Staphylococcus aureus infections: transmission within households and the community.
      ;
      • Mascaro V
      • Capano MS
      • Iona T
      • Nobile CGA
      • Ammendolia A
      • Pavia M.
      Prevalence of Staphylococcus aureus carriage and pattern of antibiotic resistance, including methicillin resistance, among contact sport athletes in Italy.
      ). The social network analysis demonstrates that the female sex is the predominant social risk factor for carriage because of more relationships among females. This may substantiate the hypothesis of sex as a true biological risk factor for S. aureus carriage, as the male population has a higher prevalence of carriage while the relative risk of transmission is lower compared to the female population.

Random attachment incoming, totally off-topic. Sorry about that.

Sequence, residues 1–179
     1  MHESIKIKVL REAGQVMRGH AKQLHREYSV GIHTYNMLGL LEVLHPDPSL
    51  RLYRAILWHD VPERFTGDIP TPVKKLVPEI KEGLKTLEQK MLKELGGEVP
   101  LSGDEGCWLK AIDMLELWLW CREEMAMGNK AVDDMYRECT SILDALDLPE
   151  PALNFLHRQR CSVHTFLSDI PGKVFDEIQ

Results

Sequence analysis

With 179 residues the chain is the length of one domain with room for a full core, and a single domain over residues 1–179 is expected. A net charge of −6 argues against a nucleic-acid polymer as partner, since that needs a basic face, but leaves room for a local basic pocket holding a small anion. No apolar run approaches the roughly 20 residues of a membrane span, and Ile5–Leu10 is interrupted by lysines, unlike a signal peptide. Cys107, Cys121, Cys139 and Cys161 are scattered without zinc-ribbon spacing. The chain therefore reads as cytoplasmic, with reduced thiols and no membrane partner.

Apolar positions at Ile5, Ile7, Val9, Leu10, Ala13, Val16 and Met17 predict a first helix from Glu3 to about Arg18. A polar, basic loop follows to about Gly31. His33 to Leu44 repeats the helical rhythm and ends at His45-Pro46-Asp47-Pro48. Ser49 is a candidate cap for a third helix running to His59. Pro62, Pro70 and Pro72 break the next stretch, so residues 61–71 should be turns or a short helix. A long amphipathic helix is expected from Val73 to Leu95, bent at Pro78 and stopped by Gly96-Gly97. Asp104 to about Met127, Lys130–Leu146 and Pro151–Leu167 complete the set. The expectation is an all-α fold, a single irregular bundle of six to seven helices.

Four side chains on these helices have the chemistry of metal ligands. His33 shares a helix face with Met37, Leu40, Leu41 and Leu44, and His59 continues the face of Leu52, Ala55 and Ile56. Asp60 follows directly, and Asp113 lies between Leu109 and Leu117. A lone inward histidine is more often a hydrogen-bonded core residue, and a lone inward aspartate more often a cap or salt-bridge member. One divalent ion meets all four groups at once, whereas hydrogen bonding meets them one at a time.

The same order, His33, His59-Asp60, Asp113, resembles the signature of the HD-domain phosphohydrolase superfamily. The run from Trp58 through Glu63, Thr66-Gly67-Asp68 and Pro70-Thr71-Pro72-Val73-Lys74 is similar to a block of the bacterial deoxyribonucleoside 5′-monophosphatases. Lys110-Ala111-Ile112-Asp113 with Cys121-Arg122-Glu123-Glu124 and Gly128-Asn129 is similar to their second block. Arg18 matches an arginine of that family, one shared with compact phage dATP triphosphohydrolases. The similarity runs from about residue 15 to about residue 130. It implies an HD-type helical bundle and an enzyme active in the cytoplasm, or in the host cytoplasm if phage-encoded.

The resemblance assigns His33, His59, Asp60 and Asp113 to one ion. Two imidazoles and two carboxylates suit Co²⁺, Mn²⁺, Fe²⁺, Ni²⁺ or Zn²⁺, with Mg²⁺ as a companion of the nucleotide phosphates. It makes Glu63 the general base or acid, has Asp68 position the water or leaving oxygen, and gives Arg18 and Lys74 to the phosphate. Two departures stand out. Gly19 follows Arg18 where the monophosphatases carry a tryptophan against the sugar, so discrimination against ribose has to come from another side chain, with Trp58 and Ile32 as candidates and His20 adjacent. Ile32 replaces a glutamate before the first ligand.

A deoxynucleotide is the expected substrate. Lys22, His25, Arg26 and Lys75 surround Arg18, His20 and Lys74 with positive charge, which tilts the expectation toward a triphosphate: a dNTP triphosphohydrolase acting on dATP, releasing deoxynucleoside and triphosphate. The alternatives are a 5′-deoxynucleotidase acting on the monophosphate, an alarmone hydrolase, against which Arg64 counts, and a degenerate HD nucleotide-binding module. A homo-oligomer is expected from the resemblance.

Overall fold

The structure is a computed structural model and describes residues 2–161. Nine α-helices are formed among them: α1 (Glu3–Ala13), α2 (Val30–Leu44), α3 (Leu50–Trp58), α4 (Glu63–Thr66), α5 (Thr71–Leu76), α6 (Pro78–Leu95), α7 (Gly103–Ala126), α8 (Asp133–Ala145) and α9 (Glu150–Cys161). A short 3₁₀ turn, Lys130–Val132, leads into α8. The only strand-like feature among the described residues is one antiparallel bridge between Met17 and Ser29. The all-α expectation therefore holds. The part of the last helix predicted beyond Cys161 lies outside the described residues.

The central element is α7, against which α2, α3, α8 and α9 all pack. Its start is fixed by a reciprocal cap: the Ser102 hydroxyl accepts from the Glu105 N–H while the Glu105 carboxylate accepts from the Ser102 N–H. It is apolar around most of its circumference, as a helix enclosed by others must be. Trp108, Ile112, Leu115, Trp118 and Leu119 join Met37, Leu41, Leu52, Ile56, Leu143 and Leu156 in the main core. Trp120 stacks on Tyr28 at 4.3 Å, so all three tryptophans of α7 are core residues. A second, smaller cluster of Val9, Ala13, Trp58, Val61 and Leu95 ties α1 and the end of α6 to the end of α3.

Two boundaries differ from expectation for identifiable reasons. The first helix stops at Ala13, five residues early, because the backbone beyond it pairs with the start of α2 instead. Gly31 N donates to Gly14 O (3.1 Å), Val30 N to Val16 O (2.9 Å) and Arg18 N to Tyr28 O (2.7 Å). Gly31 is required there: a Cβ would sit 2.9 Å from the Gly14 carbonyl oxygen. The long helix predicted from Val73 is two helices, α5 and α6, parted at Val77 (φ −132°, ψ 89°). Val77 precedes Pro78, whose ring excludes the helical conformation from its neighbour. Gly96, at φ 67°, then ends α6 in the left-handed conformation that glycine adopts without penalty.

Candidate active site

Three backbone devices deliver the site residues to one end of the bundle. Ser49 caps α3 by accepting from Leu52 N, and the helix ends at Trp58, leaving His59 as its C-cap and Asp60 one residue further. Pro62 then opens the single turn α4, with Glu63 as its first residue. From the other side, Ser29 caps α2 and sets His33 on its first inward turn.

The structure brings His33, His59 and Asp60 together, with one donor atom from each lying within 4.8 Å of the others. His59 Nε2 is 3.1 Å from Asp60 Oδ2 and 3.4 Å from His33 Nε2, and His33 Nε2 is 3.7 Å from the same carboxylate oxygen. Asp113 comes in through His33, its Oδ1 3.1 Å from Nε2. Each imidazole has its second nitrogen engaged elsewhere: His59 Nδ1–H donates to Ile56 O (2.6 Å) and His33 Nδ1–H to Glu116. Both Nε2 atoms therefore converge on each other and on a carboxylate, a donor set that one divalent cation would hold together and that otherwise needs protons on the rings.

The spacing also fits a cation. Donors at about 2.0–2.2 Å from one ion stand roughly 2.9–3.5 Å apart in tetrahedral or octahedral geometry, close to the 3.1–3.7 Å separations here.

We also demonstrated increased transmission of S. aureus among students engaged in medium level physical activity in leisure time compared to those with sedentary leisure time. A former study showed an increased risk of S. aureus carriage in athletes doing contact sports (
      • Mascaro V
      • Capano MS
      • Iona T
      • Nobile CGA
      • Ammendolia A
      • Pavia M.
      Prevalence of Staphylococcus aureus carriage and pattern of antibiotic resistance, including methicillin resistance, among contact sport athletes in Italy.
      ). Many of the physical activities in youth are contact sports or close-counter training. In our population a higher percentage of women engaged in medium physical activity compared to men (women = 27% and men = 23%). The increased risk of transmission related to medium physical activity could therefore be partly attributed to the observed sex differences.